Even more ado about nothing … or why the hype about big data and AI is often more about self-marketing than facts and real progress.

Every two days we produce the amount of data that was produced in total from the beginning of civilization until 2003. This shocking statistic was first presented by former CEO of Google, Eric Schmidt, in 2010. Since then, data production has certainly accelerated. Although mass data processing is nothing new, the hype surrounding the more familiar term “big data” only started in recent years [1]. But many people are quickly getting lost in this ever-growing jungle of data and often quite abstruse data processing methods.


Coincidences cannot be calculated …

… because “more data does not mean more knowledge,” as Gerd Antes proclaims succinctly in an interview with the Tagesanzeiger. The mathematician strongly criticizes the hype about big data usage because the mass of data leads to a higher probability of random correlations. For example, per capita cheese consumption and the number of deaths caused by entanglement in bedsheets in the USA show an identical curve. Machine analysis would possibly draw conclusions from this, whereas a scientist immediately recognizes it as a coincidence. [2]

Nevertheless, according to many big data supporters, coincidences no longer exist. They believe that if the quantities of data available are large enough, all interrelationships can be calculated in advance with the help of machine processing or deep learning and the right type of analyses. Past experience and available training sets are sufficient for this, and there is negligible risk of error ranges due to missing or irrelevant data. However, such a conclusion is fatal. Of course, certain areas, periods of time and interrelationships, etc. can be explored more easily, for which something is more or less likely to happen. However, this certainly does not mean that coincidences or significant deviations are impossible. For example, how can we expect an analysis of data collected from the past to precisely predict traffic accidents in the future? Or diseases, since information on disease progressions – and thus digital patient data – can be incomplete, inconsistent and/or inaccurate. [2]

Big, bigger, big data? Don’t exaggerate on your achievement.


Data analysis can thus be life-threatening …

Especially with regard to the field of medicine, Gerd Antes is not alone in cautioning against the pitfalls of big data and AI. If an incorrect treatment method is selected due to the results of big data analyses and machine learning, the effects can be devastating – for patients, for wallets and for reputations. With such enormous amounts of data available, true correlations and inconsistencies may not even be discovered. Inconsistencies and correlations can threaten or save lives. [2]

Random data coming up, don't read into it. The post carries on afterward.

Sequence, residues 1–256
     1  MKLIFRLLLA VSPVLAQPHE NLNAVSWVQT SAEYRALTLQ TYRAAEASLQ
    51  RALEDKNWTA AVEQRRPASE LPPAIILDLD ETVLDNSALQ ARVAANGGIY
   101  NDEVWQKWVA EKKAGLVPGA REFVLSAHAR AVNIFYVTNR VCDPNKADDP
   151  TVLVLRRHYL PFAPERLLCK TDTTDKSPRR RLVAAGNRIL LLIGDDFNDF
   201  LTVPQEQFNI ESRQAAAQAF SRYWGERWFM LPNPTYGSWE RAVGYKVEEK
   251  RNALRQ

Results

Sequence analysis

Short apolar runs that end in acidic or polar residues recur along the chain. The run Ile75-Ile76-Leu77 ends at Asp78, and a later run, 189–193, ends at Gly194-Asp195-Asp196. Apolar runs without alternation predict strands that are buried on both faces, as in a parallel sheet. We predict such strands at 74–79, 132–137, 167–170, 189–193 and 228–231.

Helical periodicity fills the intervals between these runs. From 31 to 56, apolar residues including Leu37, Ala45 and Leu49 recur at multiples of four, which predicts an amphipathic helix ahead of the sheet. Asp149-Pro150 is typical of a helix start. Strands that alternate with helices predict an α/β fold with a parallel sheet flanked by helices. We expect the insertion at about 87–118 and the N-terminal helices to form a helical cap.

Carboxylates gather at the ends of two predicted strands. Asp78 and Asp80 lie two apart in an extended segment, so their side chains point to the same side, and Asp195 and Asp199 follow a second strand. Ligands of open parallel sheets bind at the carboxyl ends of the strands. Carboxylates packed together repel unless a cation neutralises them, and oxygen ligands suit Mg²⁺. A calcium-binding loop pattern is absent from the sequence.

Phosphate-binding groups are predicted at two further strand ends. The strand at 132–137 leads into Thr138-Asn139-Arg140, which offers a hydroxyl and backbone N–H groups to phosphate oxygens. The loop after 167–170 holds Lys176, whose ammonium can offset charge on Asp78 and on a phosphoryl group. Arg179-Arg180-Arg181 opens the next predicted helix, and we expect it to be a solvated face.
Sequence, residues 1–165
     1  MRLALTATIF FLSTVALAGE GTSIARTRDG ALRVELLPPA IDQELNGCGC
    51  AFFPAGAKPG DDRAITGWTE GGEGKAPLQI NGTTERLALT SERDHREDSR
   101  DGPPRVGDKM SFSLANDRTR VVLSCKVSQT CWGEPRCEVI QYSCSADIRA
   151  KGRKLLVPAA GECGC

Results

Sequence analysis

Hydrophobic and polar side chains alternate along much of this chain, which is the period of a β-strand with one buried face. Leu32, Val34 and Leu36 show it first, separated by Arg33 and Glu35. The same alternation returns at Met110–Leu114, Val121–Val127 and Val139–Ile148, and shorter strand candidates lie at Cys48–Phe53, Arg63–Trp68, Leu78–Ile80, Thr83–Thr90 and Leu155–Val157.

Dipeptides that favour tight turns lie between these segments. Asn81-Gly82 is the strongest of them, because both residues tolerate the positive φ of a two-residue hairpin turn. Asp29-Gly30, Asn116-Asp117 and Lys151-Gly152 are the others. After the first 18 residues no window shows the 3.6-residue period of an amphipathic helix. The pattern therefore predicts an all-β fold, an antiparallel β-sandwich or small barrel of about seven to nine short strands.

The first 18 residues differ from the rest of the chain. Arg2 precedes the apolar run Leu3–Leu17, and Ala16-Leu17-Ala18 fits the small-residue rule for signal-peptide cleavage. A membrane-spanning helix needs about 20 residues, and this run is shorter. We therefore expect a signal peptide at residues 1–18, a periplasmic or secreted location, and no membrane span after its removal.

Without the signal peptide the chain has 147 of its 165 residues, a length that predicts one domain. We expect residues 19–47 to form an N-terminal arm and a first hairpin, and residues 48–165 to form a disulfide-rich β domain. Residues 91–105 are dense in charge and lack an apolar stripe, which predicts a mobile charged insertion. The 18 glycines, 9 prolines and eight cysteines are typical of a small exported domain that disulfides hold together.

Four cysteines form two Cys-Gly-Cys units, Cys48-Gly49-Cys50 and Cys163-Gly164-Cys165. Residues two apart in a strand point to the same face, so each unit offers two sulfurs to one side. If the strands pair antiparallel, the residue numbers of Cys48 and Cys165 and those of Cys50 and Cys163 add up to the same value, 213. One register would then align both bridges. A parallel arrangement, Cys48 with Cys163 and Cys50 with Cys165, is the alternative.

IBM made negative headlines again recently when the media company STAT analyzed IBM internal documents for a report which concluded that Watson for Oncology had repeatedly recommended “unsafe and incorrect” cancer treatments. The report also claimed that IBM employees and supervisors were aware of this. Although no deaths have been proven to have occurred as a result of these proposals, many prestigious hospitals have decided to stop using the multi-million-dollar technology. [3]

In this respect, the first signs of a rethink and a somewhat more rational approach in this area are already visible. The two to three years of seemingly boundless hype about IBM’s wonder computer Watson in the field of medicine is finally coming to an end. This will also happen in many other similar fields – at the latest, when people realize the importance of facts, reliable results and relevance rather than self-marketing and grandiose promises by well-known global tech groups with their often still very experimental products. It is certain that the aforementioned developments in the field of medicine can be transferred almost 1:1 to the digital HR market, for example with regard to the matching of jobs and skills.


Trustworthy knowledge comes from experts

Over five years ago Cornel Brücher published his provocative work “Rethink Big Data” in which he described big data supporters as fools. We at JANZZ have held a similar point of view from the beginning. It is simply not possible to acquire knowledge in the field of jobs and CVs, including more complex occupation data, by means of machine learning alone. Anyone who says otherwise is demonstrably wrong. And will remain wrong, no matter how often the same ideas and products are advertised and marketed; and even if much more money is invested in such technologies than before.

For this reason, and despite considerable investment, results that are based on this “big data approach” are still largely inadequate and have barely improved over recent years, regardless of the size of the data records used, e.g. for LinkedIn and IBM & Co. The results from machine learning will become increasingly error-prone as more factors and variables – and thus complicated rules and relations – are added. With the risk being that incidents of erroneous correlations or even assumed causality can occur. Knowledge graphs or ontologies, on the other hand, enable knowledge to be mapped and used in a very deep and structured manner. Knowledge concerning knowledge graphs is highly verifiable and trustworthy because the know-how of various experts is stored and connected in a structured manner – rather than being calculated by computer scientists who are experts in programming, but not, for example, in the fields of medicine, engineering, investment banking, etc. Since knowledge graphs reflect the relationships between many different areas, only they can provide relevant and precise search results and recommendations. For example, in the area of occupation data: A knowledge graph recognizes the difference and the connections between competencies, experiences, functions, specializations and education. They take into consideration, for example, that for job title “J” with apprenticeship “A,” skill “S” is very important. Let’s take a Senior Cloud Architect as an example. A knowledge graph recognizes this job title and knows that, for example, a master’s degree in computer science could one day lead to the applicant securing this job if he/she also has the skill “cloud solution development” and several years of professional experience.